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You Tube and the Royal Spanish Academy (RAE) to launch the first global reading of Don Quixote on Internet


The Royal Spanish Academy (Real Academia Española, RAE) and You Tube have launched the first global reading of Don Quixote on Internet. More than 2,100 Spanish speakers worldwide will be able to participate in this initiative. Read More...

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Shakespeare to be performed in fictional language “Klingon”


In one of the Star Trek movies, Mr. Spock is talking with Klingons when somebody quotes from William Shakespeare. A linguist developed that fictional language, and now he’s president of the Washington Shakespeare Company. At a benefit this weekend, the company will perform scenes of Shakespeare, first in English then in Klingon. Read More...

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Rare Harry Potter pages displayed


Original handwritten manuscripts by Harry Potter author JK Rowling are going on display as part of a book festival in the south of Scotland
The two framed pages, containing The Ballad of Nearly Headless Nick, will be on display at the Wigtown festival. The story was originally written as part of Harry Potter and the Chamber of Secrets but edited out before publication.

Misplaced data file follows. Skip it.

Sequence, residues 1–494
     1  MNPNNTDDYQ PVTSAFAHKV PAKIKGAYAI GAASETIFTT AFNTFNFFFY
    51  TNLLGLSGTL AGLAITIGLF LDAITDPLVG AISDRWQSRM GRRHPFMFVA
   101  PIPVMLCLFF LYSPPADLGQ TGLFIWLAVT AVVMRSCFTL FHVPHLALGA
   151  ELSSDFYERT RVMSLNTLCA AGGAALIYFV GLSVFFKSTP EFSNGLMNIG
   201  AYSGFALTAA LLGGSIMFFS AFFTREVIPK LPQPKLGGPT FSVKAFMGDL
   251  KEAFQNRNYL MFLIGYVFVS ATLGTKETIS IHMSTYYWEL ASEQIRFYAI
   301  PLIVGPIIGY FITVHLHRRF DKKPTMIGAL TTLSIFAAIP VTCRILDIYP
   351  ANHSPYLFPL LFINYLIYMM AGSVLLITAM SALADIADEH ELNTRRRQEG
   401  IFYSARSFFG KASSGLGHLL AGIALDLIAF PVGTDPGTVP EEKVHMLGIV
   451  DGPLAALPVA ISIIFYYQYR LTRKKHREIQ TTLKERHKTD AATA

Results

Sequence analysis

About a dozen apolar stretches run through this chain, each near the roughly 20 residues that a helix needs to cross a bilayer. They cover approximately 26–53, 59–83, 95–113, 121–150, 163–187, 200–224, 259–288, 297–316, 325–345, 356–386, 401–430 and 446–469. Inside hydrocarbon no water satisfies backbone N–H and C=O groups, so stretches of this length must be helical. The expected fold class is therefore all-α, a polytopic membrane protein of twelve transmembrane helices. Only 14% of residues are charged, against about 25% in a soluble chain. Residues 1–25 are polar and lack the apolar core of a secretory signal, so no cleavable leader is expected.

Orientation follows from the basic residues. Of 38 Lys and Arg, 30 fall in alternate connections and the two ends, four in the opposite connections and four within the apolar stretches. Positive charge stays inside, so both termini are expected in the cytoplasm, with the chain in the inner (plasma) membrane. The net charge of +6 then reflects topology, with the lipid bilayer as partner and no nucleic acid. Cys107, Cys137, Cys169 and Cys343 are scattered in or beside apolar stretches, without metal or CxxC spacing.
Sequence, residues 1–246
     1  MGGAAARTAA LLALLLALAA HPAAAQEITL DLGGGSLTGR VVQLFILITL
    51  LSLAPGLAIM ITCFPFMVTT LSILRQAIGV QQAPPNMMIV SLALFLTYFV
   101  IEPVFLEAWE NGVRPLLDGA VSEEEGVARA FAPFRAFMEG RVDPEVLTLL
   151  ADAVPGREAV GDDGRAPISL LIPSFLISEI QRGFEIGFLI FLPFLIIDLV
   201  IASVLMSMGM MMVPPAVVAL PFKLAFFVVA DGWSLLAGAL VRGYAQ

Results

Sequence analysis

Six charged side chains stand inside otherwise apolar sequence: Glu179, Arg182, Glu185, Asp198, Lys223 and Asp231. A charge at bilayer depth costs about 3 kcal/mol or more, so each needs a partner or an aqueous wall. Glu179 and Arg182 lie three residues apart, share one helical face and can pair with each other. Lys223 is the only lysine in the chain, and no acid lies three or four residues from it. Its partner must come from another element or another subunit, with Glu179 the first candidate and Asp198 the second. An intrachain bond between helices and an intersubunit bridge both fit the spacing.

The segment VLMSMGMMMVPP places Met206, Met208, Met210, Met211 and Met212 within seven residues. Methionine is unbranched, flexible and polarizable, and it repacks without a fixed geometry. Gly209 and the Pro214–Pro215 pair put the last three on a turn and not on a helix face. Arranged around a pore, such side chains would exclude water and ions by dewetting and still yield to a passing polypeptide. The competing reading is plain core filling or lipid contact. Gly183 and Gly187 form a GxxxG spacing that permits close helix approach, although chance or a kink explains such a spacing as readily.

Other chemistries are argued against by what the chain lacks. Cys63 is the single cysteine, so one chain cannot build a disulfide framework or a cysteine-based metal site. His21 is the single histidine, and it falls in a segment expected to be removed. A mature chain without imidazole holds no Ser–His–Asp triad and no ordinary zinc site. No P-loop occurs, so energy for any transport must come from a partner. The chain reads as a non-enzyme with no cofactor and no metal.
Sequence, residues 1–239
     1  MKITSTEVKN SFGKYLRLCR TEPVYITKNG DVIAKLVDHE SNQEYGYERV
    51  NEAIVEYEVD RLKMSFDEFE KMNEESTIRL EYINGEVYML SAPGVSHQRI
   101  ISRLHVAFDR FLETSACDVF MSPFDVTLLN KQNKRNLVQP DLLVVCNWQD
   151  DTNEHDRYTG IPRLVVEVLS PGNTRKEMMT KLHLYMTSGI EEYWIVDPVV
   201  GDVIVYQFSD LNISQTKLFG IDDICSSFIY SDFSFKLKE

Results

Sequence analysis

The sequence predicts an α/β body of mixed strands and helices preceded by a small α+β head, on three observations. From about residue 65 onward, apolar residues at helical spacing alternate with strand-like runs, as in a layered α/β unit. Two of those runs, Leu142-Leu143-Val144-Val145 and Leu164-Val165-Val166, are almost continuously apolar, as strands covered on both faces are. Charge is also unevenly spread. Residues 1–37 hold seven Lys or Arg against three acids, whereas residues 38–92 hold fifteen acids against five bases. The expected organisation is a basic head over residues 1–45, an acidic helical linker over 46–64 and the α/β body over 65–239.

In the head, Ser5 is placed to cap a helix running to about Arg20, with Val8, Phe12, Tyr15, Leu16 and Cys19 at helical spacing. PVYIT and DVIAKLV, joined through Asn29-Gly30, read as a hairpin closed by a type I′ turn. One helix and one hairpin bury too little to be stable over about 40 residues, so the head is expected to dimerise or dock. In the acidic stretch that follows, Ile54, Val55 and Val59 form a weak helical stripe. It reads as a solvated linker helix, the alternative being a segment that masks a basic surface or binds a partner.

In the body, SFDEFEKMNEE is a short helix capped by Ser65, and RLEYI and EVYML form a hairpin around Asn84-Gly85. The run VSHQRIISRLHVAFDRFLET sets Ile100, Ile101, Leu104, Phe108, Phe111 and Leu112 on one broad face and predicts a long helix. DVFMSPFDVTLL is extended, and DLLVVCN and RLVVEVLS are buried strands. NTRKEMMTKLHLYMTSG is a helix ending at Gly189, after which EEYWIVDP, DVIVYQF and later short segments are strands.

The Wigtown Book Festival runs from 24 September to 3 October.
The manuscripts will be displayed at ReadingLasses bookshop. They were donated by Rowling to the Scottish Language Dictionaries in 2005 to help fund a new Scottish language dictionary. Read More...

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Chinese literature is still fumbling to find its feet in the world


Quality translations and targeted marketing alone can help break the lingering stereotype in overseas markets of modern Chinese fiction as propaganda, literary experts say. While world literature has found its way into China, Chinese literature is still fumbling to find its feet in the world.
According to Wu Wei, director of the China Book International (CBI) Promotion and Planning Office, 348 translated titles were published in the United States last year, of which only seven were from China although more than 15,000 works are published in the country every year. Major publishers fail to see the merits of modern Chinese literature. Read More...